The fact that eighth-grade girls in a conservative Catholic school had vital questions to ask on this topic only goes to show how eroded traditional morality already is in our society and in our Church. Those who hold to Catholic teaching must be prepared for an increasing split between the understanding of society and Catholic moral teaching.
Not too long ago, most Christian folks believed what Catholics believe. The rest are shifting fast, and the only thing those who wish to stand firm can do is to make sure they’re standing firmly on the Rock.

Rev. Dwight Longenecker


Rev. Dwight Longenecker is the parish priest of Our Lady of the Rosary parish in Greenville, South Carolina. His latest book is The Romance of Religion published by Thomas Nelson. Check out his website and blog at

  • Deacon Ed

    the Church considers the Sacraments of Holy Orders and Marriage as Sacraments of “service.” They are established by Christ for the good of the community. Hence, they are inextricably tied to public acts.

  • kkollwitz

    While each marriage is contracted individually, collectively marriage is an institution (and for Catholics also a sacrament), probably the foundational institution of society. Being an institution, it is a public thing, like the Church, although managed more or less on a private basis. And public things being public, how they appear is unavoidably conflated with how they are.

  • Ann

    I understand and accept the reasons the Catholic Church opposes gay marriage, but I can’t get on board with all of the political action trying to stop it until we fight equally to against to outlaw the real threats to “hetero” marriage: divorce, p*rn, etc.

  • Christian

    Ann is right. As I said recently at another blog (, “…modern straight ‘marriage’ (no-fault divorce, serial marriage, contraception, abortion, vasectomies, etc.) has decontented the institution to the point that denying ‘marriage’ to homosexuals has become politically impossible. So while I may hear “gay marriage problem,” I think “straight marriage problem.”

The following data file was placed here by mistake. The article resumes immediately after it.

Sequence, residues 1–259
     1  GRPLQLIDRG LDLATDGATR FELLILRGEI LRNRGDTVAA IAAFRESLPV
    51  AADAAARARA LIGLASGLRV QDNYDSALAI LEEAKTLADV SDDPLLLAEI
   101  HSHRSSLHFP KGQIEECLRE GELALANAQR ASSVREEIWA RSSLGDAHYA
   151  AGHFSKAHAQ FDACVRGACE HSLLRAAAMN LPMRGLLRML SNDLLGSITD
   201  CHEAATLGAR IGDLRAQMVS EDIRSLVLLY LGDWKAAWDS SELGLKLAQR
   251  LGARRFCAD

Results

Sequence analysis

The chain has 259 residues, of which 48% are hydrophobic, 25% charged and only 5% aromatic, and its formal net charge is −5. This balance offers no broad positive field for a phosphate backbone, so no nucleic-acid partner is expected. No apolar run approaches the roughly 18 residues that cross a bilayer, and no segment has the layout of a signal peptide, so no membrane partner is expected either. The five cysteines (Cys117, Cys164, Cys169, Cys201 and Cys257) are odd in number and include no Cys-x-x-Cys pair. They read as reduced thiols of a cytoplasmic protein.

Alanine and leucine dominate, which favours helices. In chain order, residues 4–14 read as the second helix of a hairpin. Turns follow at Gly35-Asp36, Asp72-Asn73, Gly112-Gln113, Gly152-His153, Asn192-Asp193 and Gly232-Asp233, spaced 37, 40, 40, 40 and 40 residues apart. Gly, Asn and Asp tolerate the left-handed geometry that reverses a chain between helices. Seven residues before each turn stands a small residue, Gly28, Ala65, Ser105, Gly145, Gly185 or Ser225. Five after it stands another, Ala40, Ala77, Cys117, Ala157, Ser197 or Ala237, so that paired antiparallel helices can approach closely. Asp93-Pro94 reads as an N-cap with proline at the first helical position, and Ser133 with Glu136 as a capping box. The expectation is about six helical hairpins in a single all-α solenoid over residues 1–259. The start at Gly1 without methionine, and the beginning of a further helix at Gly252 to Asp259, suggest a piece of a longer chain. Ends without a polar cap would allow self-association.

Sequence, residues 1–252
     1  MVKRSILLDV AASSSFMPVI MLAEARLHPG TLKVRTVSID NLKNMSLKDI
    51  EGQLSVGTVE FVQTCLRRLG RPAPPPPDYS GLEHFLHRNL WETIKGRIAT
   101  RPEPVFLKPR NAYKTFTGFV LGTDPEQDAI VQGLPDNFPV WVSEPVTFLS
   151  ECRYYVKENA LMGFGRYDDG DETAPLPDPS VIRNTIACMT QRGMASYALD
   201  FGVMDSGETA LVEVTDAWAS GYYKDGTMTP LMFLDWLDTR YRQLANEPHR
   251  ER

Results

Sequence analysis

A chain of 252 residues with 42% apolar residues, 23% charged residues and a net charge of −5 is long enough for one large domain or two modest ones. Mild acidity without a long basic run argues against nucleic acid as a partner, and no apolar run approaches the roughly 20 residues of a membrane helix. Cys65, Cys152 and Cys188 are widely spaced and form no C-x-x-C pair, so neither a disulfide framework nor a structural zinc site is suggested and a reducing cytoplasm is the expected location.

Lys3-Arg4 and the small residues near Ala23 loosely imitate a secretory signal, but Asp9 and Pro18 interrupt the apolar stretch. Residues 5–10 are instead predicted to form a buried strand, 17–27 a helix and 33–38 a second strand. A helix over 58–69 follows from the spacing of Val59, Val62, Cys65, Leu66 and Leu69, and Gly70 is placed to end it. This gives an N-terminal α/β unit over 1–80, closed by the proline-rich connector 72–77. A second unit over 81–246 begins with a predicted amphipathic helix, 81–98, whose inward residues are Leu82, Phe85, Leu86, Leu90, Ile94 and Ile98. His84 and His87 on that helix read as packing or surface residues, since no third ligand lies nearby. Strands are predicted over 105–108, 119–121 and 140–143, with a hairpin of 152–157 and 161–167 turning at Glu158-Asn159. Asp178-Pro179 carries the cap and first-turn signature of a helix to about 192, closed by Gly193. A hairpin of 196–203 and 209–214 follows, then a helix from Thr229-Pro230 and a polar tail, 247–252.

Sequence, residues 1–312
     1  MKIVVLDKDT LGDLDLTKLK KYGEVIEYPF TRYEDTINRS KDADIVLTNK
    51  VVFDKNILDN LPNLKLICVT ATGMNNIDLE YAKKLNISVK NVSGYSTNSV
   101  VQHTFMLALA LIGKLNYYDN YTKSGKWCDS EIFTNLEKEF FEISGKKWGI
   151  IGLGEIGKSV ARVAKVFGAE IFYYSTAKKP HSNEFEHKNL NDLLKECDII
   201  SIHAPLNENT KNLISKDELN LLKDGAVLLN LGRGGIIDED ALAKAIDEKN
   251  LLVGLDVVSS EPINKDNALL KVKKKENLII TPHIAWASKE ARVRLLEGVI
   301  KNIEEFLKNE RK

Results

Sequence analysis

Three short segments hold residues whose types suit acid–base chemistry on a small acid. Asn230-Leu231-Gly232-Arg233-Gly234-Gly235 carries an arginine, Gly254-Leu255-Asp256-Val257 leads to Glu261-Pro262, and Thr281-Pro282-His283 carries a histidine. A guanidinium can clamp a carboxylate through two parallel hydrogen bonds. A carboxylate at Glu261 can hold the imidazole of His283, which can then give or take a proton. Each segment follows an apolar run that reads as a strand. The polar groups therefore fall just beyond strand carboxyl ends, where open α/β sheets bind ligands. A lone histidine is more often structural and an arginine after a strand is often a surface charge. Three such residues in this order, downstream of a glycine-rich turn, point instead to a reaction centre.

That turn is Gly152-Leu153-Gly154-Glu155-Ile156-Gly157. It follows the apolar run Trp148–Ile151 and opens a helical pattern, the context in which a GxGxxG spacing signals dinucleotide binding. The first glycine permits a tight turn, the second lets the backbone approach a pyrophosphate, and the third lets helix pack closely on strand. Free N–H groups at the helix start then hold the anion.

• Bruce

    …who lived 2,000 years ago, but He’s still quite popular, Who said something about sowing and reaping.

    Sow contraception as a responsible act and reap abortion.

    Sow no-fault divorce as a sensible approach and reap most kids in single-parent homes.

    Sow pornography as freedom of speech and reap sexual assault and STD rates over 25%.

  • Anon
  • RK

    “But what is wrong is that a wedding is not essentially about the individual, or even the couple getting married. It is a public sacrament in which the couple is supported not only by their families but by the whole faith community. It is a sacrament of the Church — therefore, Christ, through His Church, celebrates the sacrament. In other words, the Catholic marriage not only involves the whole community, it involves the whole communion of saints.”

    I think this is a terrific paragraph, Father. Modern notions of marriage have redefined freedom as licentiousness rather than the gift of free will assenting to virtue and Christ. Love has become a goal for the purpose of self-fulfillment. Any idea of giving oneself for something greater than self seems to have disappeared with elevation of John Rock and Gloria Steinem as the great saviors of marriage.

  • TJ

    With all due respect, Ann and Christian couldn’t be more wrong in their approach. Both are correct that the cultural/political war against contraception, pornography, and no-fault divorce appears lost. That means the front for fighting those battles right now is located primarily in the church and family. However, simply because the political realm is not currently a fruitful place to fight those evils does not mean we shouldn’t oppose the push for same-sex marriage. That battle is current, and political, and NOT lost. It’s a peculiar form of defeatism to withdraw from the fight simply because we can’t cure all our ills at once.

  • Jennifer

    I know at least 12 couples that are divorced, of all ages. Out of them all it was the women who filed for divorce. When I hear people talking about some one getting divorced, I ask who wanted the divorce? I have yet to hear any one say it was the man who wanted the divorce.

  • Christian

    “That battle is current, and political, and NOT lost.”